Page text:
Ever wonder exactly how much your auto insurance will go up after a speeding ticket? How about after two or three tickets? I have new numbers to share with you.
Local governments have gone crazy with ticketing for everything because they’re starved for revenue. The calls I get about this kind of thing are usually about the frightful cost of tickets. But what I’ve not heard a lot about is what happens to your insurance premium when you get a ticket.
Paying down the road
The latest figures from BankRate.com suggest that less than one-third of drivers who got traffic tickets in the last five years are paying more for insurance. What really determines if you’ll pay more is the type of ticket you get. For example, a ticket for DUI/DWI, reckless driving or leaving the scene of an accident will eat you up beyond the pale.
InsuranceQuotes.com has a new list of averages for what certain violations will cost you in auto insurance rates. Remember, these are averages, so your individual results may vary. But here’s the scoop:
A single ticket going 1 to 15 miles over the limit will cause a 21 percent rise in your auto insurance costs. Going 16 miles over the speed limit will generally result in an insurance spike of just under 30 percent.
The best advice is stay 9 miles or less over the posted speed limit and you’ll generally be safe. Particularly on freeways, those first 9 miles over the speed limit are like a gimme from police. Of course, this is not true everywhere; this is general advice, so use your discretion.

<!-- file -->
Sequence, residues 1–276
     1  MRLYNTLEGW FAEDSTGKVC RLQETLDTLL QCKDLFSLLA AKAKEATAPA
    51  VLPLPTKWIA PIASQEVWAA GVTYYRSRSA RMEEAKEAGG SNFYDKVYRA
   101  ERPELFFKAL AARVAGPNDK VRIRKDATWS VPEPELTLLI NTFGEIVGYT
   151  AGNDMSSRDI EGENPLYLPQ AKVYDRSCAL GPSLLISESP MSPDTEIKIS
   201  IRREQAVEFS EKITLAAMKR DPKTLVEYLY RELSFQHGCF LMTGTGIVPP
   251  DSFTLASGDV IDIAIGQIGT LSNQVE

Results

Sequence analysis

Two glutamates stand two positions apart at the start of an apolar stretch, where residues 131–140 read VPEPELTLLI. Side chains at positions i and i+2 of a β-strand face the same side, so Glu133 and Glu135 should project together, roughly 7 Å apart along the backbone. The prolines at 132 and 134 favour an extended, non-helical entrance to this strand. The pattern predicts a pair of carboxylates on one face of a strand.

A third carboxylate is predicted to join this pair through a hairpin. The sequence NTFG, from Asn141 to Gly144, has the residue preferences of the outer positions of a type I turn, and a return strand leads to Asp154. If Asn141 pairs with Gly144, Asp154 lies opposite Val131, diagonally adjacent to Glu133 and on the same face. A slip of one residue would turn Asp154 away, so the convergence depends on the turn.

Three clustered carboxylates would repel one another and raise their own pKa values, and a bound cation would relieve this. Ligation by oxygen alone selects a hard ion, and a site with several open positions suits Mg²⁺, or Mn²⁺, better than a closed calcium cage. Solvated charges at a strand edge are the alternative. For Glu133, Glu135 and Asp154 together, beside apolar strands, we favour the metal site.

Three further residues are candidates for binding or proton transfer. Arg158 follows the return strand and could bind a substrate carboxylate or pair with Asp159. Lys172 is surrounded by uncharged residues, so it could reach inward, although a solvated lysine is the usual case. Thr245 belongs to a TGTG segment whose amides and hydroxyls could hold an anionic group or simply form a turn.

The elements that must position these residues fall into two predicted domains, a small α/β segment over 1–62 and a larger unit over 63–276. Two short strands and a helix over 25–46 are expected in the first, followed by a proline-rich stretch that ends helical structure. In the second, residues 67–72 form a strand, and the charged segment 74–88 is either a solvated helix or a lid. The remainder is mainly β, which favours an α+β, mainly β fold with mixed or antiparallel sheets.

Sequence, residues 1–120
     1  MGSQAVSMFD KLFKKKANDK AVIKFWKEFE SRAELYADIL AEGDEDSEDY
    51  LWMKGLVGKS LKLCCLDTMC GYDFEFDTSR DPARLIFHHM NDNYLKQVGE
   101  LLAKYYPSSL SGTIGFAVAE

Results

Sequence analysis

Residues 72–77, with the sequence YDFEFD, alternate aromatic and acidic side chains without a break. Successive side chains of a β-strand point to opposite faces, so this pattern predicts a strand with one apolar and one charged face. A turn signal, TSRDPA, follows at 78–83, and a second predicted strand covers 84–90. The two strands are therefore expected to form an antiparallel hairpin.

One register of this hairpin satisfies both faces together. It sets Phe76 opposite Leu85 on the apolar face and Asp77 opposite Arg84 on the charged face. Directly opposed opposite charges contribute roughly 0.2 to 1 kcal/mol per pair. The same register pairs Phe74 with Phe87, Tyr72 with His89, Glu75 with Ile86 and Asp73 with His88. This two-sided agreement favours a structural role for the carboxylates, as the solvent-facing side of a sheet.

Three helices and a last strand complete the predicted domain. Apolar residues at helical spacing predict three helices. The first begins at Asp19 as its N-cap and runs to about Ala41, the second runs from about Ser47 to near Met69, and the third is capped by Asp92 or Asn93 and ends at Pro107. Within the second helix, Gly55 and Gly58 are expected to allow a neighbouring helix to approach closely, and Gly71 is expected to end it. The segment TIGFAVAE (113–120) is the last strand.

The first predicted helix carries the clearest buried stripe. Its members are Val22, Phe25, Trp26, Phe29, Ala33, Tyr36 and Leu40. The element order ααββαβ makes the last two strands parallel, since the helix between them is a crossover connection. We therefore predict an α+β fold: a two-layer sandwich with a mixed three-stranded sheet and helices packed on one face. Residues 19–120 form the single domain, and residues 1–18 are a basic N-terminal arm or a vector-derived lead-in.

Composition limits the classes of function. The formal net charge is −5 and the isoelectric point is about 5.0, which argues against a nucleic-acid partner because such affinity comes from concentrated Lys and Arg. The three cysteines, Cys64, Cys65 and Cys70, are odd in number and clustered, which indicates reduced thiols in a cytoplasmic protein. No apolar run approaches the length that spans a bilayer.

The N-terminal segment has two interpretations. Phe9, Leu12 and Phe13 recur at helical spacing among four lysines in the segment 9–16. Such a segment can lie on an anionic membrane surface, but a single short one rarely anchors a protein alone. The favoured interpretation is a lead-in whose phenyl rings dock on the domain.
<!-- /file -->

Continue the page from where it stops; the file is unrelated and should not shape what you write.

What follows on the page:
What about reckless driving? A single ticket will raise your rates 82 percent! Similarly, a first-time offense for DUI or DWI will generally increase your premium by about the same amount.
How to lower your rates
Know that in some cases you can insulate yourself from higher rates by taking a driver safety course. These courses are often sponsored by the National Safety Council and run in six-hour increments.
Finally, don’t forget there’s really a world of possibility for reducing what you pay for auto insurance if you use a pay-as-you-drive insurer. A company like Progressive will offer you lower rates on insurance in exchange for giving them the right to spy on your driving habits. And they’re just one of many doing this sort of thing.
About Clark Howard
Find more answers to your consumer questions, plus Clark Howard’s book “Living Large for the Long Haul,” at ClarkHoward.com.
Listen to Clark Howard weeknights from 6 to 9 p.m. on AM1290/95.7FM News Talk WHIO.